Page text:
However, miglustat 5 mg/mL suspension, miglustat 20 mg/mL adjusted to pH 4.4, and pure InOrpha® suspending vehicle remained yellow. A similar observation was made after 28 days, with the miglustat 10 mg/mL having a darker brown color than after 14 days. The other miglustat suspensions and pure InOrpha® suspending vehicle remained yellow. The pH of miglustat 20 mg/mL suspension adjusted to pH 4.4 remained at 4.4 after 14 and 28 days. For miglustat 10 mg/mL, the pH was 7.0 at 0 hours and 7.3 after 14 and 28 days. For miglustat 5 mg/mL, the pH was 6.3 at 0 hours and 6.5 after 14 and 28 days. The pH of pure InOrpha® suspending vehicle was 4.7 at 0 hours and 4.7 and 4.9 after 14 and 28 days, respectively. No degradation was observed for any of the suspensions when tested by HPLC (see Figure 1 showing example chromatograms after 0 hours and 28 days for the 20 mg/mL suspension).
Figure 1 Chromatograms of 20 mg/mL miglustat in InOrpha® suspension at (A) 0 hours and (B) after 28 days at 2°C–8°C.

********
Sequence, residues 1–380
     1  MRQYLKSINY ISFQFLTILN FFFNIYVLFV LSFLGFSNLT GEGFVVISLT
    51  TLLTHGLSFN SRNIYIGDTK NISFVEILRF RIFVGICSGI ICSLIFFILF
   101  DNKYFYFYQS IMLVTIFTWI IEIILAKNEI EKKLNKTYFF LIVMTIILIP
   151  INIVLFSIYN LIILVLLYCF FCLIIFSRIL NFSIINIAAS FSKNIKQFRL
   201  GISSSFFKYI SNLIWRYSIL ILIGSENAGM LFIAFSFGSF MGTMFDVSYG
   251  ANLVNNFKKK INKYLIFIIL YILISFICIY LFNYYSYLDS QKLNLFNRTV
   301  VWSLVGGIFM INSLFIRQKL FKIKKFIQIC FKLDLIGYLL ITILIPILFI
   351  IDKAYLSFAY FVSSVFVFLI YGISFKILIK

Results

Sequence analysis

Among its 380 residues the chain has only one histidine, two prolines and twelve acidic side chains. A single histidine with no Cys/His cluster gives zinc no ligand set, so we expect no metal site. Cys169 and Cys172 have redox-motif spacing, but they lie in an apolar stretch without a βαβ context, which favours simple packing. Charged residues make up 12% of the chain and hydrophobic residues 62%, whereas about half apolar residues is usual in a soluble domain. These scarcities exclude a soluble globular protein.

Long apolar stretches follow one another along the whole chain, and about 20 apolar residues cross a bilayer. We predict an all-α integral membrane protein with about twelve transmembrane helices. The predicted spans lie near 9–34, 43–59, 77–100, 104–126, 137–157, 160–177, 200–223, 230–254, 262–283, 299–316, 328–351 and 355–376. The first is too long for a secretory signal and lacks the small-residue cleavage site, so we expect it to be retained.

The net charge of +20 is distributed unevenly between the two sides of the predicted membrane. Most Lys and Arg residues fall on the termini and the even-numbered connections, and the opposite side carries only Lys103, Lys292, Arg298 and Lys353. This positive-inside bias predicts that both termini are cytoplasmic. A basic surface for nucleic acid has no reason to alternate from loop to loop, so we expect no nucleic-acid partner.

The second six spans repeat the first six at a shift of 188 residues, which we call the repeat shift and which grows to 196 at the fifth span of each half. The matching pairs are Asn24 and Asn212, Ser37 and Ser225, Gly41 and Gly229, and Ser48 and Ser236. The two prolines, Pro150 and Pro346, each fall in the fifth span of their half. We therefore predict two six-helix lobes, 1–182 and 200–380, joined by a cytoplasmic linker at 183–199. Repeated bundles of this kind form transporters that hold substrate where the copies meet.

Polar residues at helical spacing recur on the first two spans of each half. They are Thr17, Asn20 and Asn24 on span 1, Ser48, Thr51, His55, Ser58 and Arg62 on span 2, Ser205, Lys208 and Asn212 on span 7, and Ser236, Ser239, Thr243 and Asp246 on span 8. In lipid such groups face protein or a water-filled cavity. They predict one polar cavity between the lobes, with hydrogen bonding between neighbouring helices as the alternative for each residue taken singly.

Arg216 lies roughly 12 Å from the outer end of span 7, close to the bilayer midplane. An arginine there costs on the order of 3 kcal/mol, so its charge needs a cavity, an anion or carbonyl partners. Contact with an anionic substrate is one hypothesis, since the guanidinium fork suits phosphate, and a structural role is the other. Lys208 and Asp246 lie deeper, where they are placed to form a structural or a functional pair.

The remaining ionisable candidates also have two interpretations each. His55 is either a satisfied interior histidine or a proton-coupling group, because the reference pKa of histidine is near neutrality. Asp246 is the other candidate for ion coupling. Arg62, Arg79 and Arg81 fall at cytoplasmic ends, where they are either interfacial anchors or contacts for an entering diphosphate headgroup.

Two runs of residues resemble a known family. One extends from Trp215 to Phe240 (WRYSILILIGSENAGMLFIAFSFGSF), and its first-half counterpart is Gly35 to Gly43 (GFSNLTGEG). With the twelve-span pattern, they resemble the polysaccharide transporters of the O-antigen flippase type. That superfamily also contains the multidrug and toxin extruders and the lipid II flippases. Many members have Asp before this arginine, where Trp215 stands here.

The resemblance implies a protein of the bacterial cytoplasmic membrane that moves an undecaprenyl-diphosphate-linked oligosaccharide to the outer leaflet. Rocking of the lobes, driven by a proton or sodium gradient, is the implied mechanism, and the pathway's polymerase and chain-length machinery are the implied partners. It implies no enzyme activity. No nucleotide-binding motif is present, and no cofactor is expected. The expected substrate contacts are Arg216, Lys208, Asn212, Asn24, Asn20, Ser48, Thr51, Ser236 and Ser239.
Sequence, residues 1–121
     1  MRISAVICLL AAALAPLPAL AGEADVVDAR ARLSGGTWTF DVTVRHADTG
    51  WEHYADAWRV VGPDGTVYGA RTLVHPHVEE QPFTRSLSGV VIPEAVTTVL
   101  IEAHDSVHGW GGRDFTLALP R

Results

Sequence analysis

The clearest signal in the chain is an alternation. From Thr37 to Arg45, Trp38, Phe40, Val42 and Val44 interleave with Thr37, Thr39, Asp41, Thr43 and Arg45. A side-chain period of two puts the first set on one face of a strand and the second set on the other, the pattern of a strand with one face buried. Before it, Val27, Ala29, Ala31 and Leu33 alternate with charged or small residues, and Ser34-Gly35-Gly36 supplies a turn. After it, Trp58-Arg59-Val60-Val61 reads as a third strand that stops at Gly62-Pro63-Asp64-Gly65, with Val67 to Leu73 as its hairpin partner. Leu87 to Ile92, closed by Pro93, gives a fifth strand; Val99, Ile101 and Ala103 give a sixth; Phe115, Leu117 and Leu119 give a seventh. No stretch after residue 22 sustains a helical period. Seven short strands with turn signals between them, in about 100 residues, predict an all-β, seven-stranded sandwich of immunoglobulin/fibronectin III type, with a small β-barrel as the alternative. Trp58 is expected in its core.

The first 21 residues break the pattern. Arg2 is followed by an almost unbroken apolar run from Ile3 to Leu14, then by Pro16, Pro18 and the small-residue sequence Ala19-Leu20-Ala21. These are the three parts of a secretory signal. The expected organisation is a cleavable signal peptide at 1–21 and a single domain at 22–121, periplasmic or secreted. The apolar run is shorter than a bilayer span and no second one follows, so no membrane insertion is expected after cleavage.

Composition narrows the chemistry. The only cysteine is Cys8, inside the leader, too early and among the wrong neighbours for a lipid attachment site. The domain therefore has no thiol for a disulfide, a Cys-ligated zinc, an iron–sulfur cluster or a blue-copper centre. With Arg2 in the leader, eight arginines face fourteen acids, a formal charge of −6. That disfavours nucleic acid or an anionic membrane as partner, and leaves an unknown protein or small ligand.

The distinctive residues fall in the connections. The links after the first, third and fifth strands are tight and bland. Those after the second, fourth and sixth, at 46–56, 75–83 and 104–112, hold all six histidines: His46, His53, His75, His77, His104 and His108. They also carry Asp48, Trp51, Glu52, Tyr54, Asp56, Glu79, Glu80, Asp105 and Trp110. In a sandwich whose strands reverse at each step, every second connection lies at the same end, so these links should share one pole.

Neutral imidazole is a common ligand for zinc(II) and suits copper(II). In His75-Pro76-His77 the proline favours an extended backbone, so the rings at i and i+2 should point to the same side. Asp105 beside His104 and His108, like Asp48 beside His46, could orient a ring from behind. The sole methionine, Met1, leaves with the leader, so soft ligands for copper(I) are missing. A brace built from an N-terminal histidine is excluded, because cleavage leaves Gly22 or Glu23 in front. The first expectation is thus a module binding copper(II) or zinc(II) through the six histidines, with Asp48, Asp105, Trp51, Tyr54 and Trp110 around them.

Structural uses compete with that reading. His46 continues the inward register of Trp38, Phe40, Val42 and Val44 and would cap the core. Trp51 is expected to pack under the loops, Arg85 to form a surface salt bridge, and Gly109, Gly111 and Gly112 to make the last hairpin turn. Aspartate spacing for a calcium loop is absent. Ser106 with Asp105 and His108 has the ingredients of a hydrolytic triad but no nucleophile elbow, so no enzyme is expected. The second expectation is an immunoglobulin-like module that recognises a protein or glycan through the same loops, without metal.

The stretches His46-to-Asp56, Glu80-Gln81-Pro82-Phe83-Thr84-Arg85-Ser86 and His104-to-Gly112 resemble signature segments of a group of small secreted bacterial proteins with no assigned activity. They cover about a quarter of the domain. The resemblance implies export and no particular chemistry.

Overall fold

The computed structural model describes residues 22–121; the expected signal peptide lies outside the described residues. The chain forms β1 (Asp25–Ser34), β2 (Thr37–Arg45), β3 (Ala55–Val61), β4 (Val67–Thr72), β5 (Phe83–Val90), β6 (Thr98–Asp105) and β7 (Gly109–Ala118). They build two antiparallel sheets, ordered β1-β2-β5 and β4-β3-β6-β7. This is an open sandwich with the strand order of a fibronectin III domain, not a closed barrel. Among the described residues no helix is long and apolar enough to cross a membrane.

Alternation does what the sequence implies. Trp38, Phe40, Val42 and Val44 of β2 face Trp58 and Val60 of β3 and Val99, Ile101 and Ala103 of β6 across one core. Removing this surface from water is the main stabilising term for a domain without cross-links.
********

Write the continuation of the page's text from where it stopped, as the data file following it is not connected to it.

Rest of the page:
Microbiological challenge testing
Table 2 summarizes the log-numbers of the microorganisms tested for miglustat 20 mg/mL in InOrpha® suspending vehicle adjusted to pH 4.4. For all bacteria, a reduction to the limit of detection of <1 cfu/mL (ie, 0 log number) was reached within 14 days and no increase was observed after 28 days. For C. albicans, a reduction to <5 cfu/mL was reached within 14 days followed by further reduction to the limit of detection of <1 cfu/mL after 28 days. A 1.76-log reduction was found for Z. rouxii after 14 days and a reduction to the limit of detection of <1 cfu/mL was reached after 28 days. A. brasiliensis showed a 1.54-log reduction after 14 days and a reduction to the limit of detection was reached after 28 days.
Table 2 Microbiological challenge testing of miglustat 20 mg/mL in InOrpha® suspending vehicle adjusted to pH 4.4 over time (cfu/mL expressed as log10-numbers)